Nightbeat: Night Stories presents readers and listeners with six new stories based on the 1950s Radio series that starred Frank Lovejoy by Radio Archives.
Radio Archives offers an ebook of the stories for $3.99. There’s one reason to choose the audiobook version instead and that’s Michael C. Gwynne who does one of the flat out best readings that I’ve ever heard. He should read all the best hard-boiled detective novels. His voice carries the production and brings each tale to life. Gwynne doesn’t try to imitate Frank Lovejoy’s take on Stone, but his interpretation of the character captures Stone as the street wise yet warm hearted reporter.
The stories themselves have a very strong love for the series that comes through loud and clear. While the tone varies a bit from story to story, they all carry the idea that Stone is a hero and friend to the ordinary people of Chicago that are so frequently the subject of the Night Beat column.
The book leads off with, “The Strangler” which finds Randy going to an ex-girlfriend who returned to town and began working as a stripper. She’d promised a clue in a series of serial killings. Instead she’s the next victim. It’s probably the most hard-boiled story in the collection and it’s brilliantly written with a decent mystery that I didn’t figure out until 2/3 in. The atmosphere is perfect. It’s a little darker story than would have been played on the radio but I don’t think it went over the top.
In, “The Chicago Punch,” Randy is called in to help a boxer who is at risk of being drawn into an illegal fight scene that could ruin his career and maybe cost him his life. It’s a terrific story with the mix of knowing skepticism about the manager’s proclamation that the kid has what is to be champ, along with an interesting concept that seems plausible for the time.
“The Puzzle in Purple,” finds Randy walking into the police department only to find a lieutenant sweating over a puzzle that’s a potential clue to the location of a kidnapped woman. It’s a two act story with the first being Randy helping the lieutenant and how the two relate to each other as they try to solve the puzzle, and the second finds Randy trying to save the woman on his own when he solves the puzzle. The first half was superb as the interactions between the lieutenant and Randy are brilliantly written. The second half was okay but is probably one of the stupider things Randy Stone ever did, though not unbelievably stupid.
“Down Addison Road,” has a mother with an absent husband asking Randy’s help to get her teenage son out of a racket he’s become involved in. This story works well because it features some well-written action and also the type of quirky characters that made the best Night Beat episodes so interesting to listen to.
“Lucky” is inspired by a couple quirks in the show’s history. In the pilot episode of Night Beat starring Frank Lovejoy, the character was known as Lucky Stone rather than Randy.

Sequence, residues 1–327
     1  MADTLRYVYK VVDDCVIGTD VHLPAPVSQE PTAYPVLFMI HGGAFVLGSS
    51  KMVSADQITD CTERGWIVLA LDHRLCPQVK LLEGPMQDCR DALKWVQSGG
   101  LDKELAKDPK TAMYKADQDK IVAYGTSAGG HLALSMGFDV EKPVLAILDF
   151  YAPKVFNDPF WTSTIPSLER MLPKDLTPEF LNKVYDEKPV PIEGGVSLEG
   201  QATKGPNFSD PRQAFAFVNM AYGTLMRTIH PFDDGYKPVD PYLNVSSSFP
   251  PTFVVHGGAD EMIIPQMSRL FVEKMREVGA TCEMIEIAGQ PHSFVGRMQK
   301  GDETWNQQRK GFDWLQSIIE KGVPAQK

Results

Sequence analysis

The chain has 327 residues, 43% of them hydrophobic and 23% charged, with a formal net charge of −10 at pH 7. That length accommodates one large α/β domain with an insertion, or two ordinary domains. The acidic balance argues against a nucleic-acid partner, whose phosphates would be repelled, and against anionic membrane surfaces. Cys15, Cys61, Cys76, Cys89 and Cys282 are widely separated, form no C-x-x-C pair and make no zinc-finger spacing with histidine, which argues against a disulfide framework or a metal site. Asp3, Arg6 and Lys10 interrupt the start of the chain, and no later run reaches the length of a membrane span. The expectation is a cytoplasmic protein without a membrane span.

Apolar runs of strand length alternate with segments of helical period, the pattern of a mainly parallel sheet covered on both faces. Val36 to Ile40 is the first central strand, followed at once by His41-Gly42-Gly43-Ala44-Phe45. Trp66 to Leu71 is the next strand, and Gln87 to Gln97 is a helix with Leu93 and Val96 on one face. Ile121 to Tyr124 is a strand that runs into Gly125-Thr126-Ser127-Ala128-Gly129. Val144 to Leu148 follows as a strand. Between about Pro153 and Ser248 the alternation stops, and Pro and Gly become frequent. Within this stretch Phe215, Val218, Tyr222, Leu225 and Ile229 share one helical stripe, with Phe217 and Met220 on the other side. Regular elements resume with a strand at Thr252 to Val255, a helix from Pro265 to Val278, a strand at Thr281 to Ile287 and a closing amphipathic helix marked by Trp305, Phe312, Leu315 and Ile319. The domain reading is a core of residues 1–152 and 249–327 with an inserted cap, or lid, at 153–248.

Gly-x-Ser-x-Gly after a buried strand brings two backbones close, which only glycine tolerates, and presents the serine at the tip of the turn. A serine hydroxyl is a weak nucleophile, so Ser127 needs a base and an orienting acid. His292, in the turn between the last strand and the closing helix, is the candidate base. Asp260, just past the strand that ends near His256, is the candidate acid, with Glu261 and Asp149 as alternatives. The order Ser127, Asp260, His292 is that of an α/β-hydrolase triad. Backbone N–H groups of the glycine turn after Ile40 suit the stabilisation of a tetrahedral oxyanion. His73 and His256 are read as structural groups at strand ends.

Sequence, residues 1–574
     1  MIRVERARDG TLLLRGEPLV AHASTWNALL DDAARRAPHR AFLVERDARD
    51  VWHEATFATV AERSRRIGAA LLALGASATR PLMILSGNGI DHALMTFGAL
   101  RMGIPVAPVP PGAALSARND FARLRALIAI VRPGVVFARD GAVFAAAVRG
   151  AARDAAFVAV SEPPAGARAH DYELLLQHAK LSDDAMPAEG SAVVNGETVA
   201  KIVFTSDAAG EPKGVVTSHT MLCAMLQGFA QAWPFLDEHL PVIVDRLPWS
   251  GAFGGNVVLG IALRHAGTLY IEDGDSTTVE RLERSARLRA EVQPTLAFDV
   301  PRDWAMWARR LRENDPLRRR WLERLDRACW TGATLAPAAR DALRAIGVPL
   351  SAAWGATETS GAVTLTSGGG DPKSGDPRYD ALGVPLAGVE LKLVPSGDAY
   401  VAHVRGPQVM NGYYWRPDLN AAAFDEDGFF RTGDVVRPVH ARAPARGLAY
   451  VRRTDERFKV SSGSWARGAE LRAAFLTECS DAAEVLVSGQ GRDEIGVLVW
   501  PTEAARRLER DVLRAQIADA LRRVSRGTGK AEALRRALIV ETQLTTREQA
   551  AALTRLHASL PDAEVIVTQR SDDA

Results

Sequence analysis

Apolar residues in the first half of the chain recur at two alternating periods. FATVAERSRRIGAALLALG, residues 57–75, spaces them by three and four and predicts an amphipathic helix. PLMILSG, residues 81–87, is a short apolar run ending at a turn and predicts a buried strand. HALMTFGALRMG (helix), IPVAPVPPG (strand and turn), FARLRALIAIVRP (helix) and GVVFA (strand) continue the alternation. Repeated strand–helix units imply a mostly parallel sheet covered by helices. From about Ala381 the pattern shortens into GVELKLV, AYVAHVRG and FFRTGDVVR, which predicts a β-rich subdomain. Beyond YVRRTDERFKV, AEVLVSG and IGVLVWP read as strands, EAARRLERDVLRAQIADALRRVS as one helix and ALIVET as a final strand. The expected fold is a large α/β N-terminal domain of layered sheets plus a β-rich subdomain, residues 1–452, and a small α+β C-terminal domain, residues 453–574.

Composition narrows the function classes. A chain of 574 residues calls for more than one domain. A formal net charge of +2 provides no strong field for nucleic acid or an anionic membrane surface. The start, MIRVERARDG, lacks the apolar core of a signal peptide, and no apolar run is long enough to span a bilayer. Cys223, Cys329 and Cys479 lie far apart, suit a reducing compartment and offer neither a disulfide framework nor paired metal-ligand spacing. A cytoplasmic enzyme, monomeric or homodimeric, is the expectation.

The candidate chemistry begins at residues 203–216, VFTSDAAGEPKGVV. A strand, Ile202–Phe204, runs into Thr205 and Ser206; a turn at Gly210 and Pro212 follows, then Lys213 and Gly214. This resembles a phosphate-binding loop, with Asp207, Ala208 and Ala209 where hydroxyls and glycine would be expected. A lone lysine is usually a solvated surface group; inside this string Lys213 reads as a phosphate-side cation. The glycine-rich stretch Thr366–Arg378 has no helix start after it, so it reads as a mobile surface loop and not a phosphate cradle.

In addition, there’s a division among fans as to whether the series is Night Beat or Nightbeat*. So it happens Randy Stone had a competitor, a guy nicknamed Lucky with a first name that starts with an “R.” And he started at a rival paper around the same time Randy started at his and he had a column on Chicago after dark and it was called Night Beat while Randy’s was called Nightbeat. However, he was fired for plagiarizing one of Randy’s stories. When Randy gets word that Randy Stone’s dead, it’s actually Lucky who’s been killed and Randy has to figure out who wants him dead before the murderers find out they killed the wrong Stone. This story manages to take radio show production issues and add some tense action and make a very enjoyable yarn.
Finally, “The One that Got Away” finds Randy meeting another old flame, this one a famous singer who stopped writing him quite a while ago. She’s back in town and she’s in trouble. This one has good atmosphere, but the characters aren’t as strong as in other stories.. Though, it’s probably my least favorite of the six, it’s still a solid well paced tale.
I was blown away by this collection. There are so many mistakes that you can make with a book like this. It can easily become weak fan fiction or modern ideas and concepts can be inserted and take readers and listeners out of the story. However, the authors avoided these pitfalls and they produced stories that feel genuine to the era and also the type of adventures that Randy Stone might actually have. If you love Night Beat or even good, 1950s, hard-boiled mysteries, this audiobook is definitely a must-buy.
Rating: 4.5 out of 5
*As best I can tell, the spelling of the show is Night Beat based on promotional materials from the time. However, Radio Archives uses the spelling, “Nightbeat.”
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